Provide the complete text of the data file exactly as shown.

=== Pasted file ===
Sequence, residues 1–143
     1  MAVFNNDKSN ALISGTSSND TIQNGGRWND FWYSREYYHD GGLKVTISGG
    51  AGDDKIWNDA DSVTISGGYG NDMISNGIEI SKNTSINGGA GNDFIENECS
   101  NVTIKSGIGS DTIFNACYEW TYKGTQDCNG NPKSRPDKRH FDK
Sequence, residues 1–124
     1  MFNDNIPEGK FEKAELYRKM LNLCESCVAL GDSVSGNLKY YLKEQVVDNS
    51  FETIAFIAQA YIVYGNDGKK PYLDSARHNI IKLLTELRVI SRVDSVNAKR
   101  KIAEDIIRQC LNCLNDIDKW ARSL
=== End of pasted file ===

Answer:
Sequence, residues 1–143
     1  MAVFNNDKSN ALISGTSSND TIQNGGRWND FWYSREYYHD GGLKVTISGG
    51  AGDDKIWNDA DSVTISGGYG NDMISNGIEI SKNTSINGGA GNDFIENECS
   101  NVTIKSGIGS DTIFNACYEW TYKGTQDCNG NPKSRPDKRH FDK
Sequence, residues 1–124
     1  MFNDNIPEGK FEKAELYRKM LNLCESCVAL GDSVSGNLKY YLKEQVVDNS
    51  FETIAFIAQA YIVYGNDGKK PYLDSARHNI IKLLTELRVI SRVDSVNAKR
   101  KIAEDIIRQC LNCLNDIDKW ARSL